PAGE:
More than procedural ruling

 

To the Editor:

Before we filed “Protect Our Parks, Charlotte Adelman vs. Chicago Park District and City of Chicago” predictions began to surface. Learned lawyers forecast the immediate dismissal of the lawsuit for lack of standing under the Public Trust Doctrine. Then, in what is characterized as “an unmistakable blow” to defendants, Judge John Robert Blakey ruled otherwise. Now some minimize the ruling as a mere “procedural response.” This is the ruling:

“Therefore, Individual Plaintiffs [and Protect Our Parks], as Illinois taxpayers and beneficiaries of the public trust, have established article III standing as to their Due Process claim under the public trust doctrine.”

Following the ruling, the Obama Foundation reiterated its long-held position that the lawsuit is without merit, adding, “We are confident that our plan for the Obama Presidential Center is consistent with Chicago’s rich tradition of locating world-class museums in its parks.” This conclusion ignores the “friend of the courts” brief, filed by Preservation Chicago and Jackson Park Watch, definitively rebutting defendants’ claim of a “tradition” of building museums in Chicago’s public parks.

Following Judge Blakey’s ruling predictions surfaced. Erin Adams, a South Shore resident and head of Southside Together for Hope said if the city and Park District lose, OPC will relocate out of the South Side. Nadav Shoked, Northwestern University law professor, predicted the case will ultimately fail.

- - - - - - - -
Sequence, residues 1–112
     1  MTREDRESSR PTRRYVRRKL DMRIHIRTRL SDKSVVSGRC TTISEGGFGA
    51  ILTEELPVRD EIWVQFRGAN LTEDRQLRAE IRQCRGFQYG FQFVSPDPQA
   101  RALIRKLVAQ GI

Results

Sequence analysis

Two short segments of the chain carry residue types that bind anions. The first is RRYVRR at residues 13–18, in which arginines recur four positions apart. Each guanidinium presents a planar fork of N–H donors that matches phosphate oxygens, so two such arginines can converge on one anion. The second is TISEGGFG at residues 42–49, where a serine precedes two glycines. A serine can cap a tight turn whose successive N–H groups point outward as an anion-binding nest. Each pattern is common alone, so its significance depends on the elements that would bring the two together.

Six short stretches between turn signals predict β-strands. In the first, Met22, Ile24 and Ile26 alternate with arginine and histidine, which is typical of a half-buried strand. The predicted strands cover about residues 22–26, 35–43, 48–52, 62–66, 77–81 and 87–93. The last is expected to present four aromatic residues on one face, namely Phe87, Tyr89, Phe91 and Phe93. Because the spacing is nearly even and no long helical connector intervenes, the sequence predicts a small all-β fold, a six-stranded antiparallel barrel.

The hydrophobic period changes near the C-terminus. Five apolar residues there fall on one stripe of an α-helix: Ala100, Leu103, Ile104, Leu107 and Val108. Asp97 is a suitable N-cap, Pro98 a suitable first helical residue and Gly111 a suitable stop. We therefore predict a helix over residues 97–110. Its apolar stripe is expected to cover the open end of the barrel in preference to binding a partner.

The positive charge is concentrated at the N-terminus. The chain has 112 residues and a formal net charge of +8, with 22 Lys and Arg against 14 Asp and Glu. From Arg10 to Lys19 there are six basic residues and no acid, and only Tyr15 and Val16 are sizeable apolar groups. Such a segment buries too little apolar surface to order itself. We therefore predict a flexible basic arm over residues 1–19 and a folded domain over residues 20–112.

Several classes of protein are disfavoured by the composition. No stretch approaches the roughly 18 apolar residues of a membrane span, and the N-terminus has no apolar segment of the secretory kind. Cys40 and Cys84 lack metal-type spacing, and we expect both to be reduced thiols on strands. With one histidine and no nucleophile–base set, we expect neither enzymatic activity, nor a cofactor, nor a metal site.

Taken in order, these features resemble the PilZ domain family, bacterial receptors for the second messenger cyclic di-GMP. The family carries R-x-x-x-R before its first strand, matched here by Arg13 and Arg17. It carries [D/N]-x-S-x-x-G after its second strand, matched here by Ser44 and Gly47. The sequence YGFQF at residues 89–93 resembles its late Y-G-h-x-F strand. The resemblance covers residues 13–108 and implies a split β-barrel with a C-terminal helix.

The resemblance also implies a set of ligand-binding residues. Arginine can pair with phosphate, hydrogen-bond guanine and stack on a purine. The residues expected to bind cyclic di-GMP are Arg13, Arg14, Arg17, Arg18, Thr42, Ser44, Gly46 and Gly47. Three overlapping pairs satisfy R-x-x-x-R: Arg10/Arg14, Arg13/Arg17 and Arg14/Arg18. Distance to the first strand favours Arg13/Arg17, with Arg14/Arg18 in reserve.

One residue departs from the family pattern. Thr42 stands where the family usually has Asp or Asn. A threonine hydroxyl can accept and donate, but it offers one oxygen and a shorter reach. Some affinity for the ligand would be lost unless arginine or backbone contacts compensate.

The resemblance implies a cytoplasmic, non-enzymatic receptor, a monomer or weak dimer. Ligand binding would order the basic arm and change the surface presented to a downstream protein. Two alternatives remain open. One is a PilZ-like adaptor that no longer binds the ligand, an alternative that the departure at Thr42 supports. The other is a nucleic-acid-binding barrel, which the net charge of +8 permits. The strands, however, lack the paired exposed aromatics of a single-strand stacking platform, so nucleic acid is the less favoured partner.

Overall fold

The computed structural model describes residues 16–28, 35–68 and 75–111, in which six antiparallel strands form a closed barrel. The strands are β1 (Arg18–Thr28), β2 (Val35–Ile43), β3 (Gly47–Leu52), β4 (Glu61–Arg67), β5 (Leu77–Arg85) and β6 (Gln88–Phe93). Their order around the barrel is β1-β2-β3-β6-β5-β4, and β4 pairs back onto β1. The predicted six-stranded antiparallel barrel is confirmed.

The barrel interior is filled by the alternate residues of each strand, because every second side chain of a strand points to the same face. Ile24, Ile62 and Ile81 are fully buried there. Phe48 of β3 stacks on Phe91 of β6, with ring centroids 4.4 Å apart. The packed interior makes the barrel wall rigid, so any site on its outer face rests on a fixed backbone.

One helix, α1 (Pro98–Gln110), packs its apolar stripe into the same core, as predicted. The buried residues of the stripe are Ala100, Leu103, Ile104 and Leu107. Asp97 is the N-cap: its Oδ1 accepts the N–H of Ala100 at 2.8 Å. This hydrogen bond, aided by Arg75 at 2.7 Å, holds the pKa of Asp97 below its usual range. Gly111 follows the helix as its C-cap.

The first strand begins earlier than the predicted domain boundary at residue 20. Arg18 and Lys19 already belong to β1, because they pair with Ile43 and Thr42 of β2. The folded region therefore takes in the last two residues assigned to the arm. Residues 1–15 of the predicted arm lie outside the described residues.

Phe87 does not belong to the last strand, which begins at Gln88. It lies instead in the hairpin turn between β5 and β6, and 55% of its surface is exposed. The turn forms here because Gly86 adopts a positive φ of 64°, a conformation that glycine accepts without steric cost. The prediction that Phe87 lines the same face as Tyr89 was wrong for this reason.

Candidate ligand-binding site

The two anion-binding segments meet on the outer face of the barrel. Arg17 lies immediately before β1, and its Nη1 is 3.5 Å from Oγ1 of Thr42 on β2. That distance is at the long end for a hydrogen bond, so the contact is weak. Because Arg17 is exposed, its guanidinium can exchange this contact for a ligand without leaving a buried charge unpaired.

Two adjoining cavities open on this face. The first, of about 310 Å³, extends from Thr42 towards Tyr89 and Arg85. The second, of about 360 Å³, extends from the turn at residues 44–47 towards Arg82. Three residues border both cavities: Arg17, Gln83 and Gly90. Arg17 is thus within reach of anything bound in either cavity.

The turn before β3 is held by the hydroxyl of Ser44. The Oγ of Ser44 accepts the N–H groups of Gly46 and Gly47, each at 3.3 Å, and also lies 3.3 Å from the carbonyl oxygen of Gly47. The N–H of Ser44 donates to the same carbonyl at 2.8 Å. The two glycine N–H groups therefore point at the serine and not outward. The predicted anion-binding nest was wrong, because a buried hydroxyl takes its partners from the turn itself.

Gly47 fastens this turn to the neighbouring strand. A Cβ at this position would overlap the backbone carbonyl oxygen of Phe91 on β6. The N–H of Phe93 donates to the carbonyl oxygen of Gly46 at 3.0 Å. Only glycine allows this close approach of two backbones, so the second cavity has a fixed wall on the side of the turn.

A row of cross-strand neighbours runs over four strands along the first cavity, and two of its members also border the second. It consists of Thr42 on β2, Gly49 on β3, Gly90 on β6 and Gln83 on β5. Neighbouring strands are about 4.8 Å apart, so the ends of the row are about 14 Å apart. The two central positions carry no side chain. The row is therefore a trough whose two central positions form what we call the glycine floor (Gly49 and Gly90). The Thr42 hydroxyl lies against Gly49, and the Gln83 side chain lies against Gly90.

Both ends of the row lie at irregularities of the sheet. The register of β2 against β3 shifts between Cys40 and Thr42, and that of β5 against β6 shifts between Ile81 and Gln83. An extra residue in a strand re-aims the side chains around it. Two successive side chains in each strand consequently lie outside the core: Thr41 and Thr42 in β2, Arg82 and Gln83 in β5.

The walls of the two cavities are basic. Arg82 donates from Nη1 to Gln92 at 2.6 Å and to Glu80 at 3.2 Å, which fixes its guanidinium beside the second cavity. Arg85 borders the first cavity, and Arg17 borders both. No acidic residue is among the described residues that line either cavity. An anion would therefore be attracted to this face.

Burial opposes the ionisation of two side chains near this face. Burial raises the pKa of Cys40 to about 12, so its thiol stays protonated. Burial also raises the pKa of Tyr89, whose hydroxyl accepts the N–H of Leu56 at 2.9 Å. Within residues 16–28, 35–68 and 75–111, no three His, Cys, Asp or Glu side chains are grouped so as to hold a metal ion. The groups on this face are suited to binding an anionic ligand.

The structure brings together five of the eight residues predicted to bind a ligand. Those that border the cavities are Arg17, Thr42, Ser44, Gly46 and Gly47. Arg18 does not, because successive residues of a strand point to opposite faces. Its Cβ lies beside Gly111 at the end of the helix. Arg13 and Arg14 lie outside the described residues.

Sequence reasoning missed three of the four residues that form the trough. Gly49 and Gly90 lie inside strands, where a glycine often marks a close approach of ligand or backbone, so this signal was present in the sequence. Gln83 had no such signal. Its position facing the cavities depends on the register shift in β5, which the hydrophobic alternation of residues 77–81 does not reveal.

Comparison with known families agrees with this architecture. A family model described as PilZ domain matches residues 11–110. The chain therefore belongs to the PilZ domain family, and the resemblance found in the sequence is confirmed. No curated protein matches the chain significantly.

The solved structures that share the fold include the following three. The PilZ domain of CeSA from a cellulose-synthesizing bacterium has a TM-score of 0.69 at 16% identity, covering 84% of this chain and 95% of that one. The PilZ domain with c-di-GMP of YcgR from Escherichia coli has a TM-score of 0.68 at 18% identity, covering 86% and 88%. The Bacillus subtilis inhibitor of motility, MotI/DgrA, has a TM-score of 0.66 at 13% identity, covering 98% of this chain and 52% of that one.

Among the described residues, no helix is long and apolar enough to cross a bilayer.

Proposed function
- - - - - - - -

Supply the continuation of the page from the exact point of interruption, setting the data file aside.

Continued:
For a solution that will unify the community and be environmentally friendly, former President Obama should acknowledge the need to relocate the Center to a South Side Chicago neighborhood. There it will replace weed-filled empty lots and derelict boarded up houses. There it will provide the community with a boost. Instead of a 450-car exhaust-producing garage, a Center in the neighborhood will be conveniently accessible to the people Mr. Obama seeks to serve.  A neighborhood location will prevent the destruction of hundreds of mature, historic Jackson Park trees. And it will permit Jackson Park’s urban woodland to remain an efficient carbon sink absorbing and sequestering CO2, and offsetting global climate change. Finally, protecting Jackson Park will enable its trees to continue producing the oxygen needed by everyone on the South Side to breathe.

Sincerely,

Charlotte Adelman,

plaintiff in Protect Our Parks, Charlotte Adelman vs Chicago Park District

and City of Chicago